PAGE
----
Edgar Allan Poe, in his only full-length novel, The Narrative of Arthur Gordon Pym of Nantucket, describes a ghost ship in ghastly detail in a passage dramatically interpreted by Wilkinson.

"Pym" Illustration for Jules Verne's essay "Edgard Poë et ses oeuvres" by Frederic Dargent, 1862
“Pym” Illustration for Jules Verne’s essay “Edgard Poë et ses oeuvres” by
Frederic Dargent, 1862

In between the Edgar Allen Poe passage and my introduction to the Flying Dutchman, you heard a snippet of David Coffin and friends singing the sea shanty “Roll the Old Chariot,” which you can hear in its entirety here.

We then have a look at the lore of The Flying Dutchman, best known as the supernatural ship from the Pirates of the Caribbean films or the opera by Richard Wagner,  Wilkinson relates some eerie accounts of Dutchman sightings from surprisingly recent times.

Hartwig & Vogel's Chocolate trading cards, "The Flying Dutchman" (1906)
Hartwig & Vogel’s Chocolate trading cards, “The Flying Dutchman” (1906)

A favorite explanation for stories, in which ghost ship are said to luminesce, is the phenomenon of St. Elmo’s fire, a weird electrical anomaly, which we find showing up everywhere from Melville’s Moby Dick to the laboratory of Nikola Tesla.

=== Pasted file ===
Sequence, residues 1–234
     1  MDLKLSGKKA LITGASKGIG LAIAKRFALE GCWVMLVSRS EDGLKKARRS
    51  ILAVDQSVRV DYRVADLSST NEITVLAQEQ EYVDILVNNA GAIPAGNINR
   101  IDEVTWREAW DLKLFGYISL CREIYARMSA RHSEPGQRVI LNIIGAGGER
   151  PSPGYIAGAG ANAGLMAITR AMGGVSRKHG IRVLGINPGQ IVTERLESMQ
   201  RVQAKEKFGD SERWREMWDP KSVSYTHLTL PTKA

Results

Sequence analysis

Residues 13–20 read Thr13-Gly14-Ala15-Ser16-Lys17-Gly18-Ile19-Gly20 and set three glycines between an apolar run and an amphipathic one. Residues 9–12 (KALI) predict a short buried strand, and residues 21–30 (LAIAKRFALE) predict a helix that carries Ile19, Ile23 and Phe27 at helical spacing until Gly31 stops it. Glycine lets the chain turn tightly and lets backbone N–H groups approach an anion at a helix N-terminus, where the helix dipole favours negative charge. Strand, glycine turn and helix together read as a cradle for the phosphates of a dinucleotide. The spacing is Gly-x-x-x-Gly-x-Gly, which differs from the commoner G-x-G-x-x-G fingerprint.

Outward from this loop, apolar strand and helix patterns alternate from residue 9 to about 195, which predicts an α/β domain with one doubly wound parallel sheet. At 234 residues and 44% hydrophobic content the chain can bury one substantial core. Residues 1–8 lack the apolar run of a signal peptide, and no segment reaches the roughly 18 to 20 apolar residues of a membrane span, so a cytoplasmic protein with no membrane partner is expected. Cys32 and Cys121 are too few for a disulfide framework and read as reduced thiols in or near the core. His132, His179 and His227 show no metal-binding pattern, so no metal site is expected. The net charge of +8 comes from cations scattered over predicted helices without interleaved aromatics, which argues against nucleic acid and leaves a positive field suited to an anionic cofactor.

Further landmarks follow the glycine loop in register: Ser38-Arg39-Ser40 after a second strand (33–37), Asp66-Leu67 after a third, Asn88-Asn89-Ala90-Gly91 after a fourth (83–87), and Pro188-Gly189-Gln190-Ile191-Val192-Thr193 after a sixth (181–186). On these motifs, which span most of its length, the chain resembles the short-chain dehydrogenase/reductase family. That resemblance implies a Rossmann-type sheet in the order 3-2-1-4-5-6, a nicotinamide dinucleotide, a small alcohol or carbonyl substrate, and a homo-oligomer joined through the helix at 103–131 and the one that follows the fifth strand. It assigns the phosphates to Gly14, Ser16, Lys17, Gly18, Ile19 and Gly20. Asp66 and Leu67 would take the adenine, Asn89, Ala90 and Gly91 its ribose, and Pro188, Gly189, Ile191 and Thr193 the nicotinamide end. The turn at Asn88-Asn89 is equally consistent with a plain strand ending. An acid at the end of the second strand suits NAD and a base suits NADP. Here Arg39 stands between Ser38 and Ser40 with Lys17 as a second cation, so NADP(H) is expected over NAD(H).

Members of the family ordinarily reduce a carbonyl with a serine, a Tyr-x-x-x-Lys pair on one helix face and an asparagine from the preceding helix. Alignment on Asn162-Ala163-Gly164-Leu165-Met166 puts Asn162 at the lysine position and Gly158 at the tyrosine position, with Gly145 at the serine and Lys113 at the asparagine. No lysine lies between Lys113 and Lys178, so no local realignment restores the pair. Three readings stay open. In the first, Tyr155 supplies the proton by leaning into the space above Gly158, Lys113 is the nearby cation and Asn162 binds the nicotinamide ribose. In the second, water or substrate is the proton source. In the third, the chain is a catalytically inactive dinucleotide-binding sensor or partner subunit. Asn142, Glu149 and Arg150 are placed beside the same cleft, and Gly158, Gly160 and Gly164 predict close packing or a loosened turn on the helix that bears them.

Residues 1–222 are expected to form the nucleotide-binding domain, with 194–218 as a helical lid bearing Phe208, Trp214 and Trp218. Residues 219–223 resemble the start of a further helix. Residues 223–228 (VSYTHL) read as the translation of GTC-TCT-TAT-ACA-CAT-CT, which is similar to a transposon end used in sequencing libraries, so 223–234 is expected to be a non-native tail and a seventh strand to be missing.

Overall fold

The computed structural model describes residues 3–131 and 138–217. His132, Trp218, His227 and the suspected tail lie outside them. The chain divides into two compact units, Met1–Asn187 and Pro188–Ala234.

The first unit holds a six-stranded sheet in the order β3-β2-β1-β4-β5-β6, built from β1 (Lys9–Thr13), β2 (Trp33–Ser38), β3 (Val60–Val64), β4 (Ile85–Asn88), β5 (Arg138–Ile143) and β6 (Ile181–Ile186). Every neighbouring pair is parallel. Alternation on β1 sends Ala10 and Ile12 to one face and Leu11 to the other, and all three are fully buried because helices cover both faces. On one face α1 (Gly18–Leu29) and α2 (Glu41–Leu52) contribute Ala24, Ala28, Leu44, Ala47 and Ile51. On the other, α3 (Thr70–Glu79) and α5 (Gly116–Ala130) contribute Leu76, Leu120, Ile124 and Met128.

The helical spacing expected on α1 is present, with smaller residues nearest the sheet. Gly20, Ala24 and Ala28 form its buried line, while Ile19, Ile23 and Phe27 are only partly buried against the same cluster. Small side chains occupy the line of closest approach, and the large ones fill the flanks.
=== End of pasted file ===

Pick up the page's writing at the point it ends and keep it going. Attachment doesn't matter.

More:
Ghost ships are sometimes said to arrive as omens of death, or their appearance may recreate the tragic end of ship and crew.  These otherworldly aspects have been noted in mariners’ accounts and served as the basis for a few poems, including a work by Longfellow, which we’ll hear.  Along the way, we learn about the Klabautermann, a strange sea-going gnome said to haunt ships on the Baltic and North Seas.

Klabautermann from Buch Zur See, 1885.
Klabautermann from Buch Zur See, 1885.

Next, it’s a musical break featuring the 17th-century  folk ballad “House Carpenter” also sometimes called “The Daemon Lover.”  This tale of demonic jealousy or the Devil’s retribution on the high seas is hauntingly rendered by Appalachian singer Jean Ritchie, Scottish singer A.L Lloyd, and in an instrumental arrangement by Adrian McHenry, and we hear bits of all these versions.

Samuel Coleridge’s epic poem “The Rime of the Ancient Mariner” has often drawn comparison to the Flying Dutchman legend.  We have a look at its undead sailors, ominous allegorical figures, and how its arctic setting may have influenced Mary Shelley’s Frankenstein.

Gustave Doré illustration for "Rime of the Ancient Mariner" (1876)
Gustave Doré illustration for “Rime of the Ancient Mariner” (1876)

And who would’ve known, but it seems there’s a peculiar link between Bram Stoker’s Dracula and Richard Wagner’s The Flying Dutchman.  I work it all out in the conclusion of the episode.

Claude-Joseph Vernet, "A Shipwreck in Stormy Seas" 1770.
Claude-Joseph Vernet, “A Shipwreck in Stormy Seas” 1770.